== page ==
# Contingency

In logic, a contingency is a proposition that may be either true or false, and is not necessarily one or the other.

For example, the proposition “Sam is wearing a hat” is a contingency — it is not always or neccessarily the case that Sam is wearing a hat. The proposition is said to be contingent on whether or not Sam is, in actuality, wearing a hat.

The contingency of propositions is not normally an issue in propositional or first-order logic, but in modal logic, there is an important distinction there. However, contingency of formulae is universally important, as it distinguishes normal formulae from tautologies and contradictions.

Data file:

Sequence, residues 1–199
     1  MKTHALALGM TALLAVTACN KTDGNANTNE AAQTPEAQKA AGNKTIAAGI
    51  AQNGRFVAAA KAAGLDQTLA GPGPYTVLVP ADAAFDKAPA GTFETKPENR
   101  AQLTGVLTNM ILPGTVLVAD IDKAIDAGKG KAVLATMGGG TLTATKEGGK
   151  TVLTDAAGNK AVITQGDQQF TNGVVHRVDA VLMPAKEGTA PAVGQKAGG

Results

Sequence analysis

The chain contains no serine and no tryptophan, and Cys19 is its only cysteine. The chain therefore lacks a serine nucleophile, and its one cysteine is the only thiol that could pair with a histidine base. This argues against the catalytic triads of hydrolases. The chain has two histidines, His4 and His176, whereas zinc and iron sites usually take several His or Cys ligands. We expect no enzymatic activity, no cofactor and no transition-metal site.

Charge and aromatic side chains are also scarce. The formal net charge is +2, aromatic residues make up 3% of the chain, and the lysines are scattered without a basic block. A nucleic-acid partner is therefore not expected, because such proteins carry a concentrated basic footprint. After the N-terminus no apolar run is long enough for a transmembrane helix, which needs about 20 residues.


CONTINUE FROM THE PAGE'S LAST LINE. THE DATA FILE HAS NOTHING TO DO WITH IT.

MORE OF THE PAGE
## Contingent Formulae

In propositional logic, a formula is said to be contingent when it may be either true or false, depending on the valuation of its terms.

For example, the formulas ¬A and A ∨ B are both contingent. On the valuation A=True, B=False, the first formula is false and the second is true. On the valuation A=False, B=False, then the first formula is true and the second is false.

A contingent formula may be contrasted with a tautology, which is always true, or a contradiction, which is never true.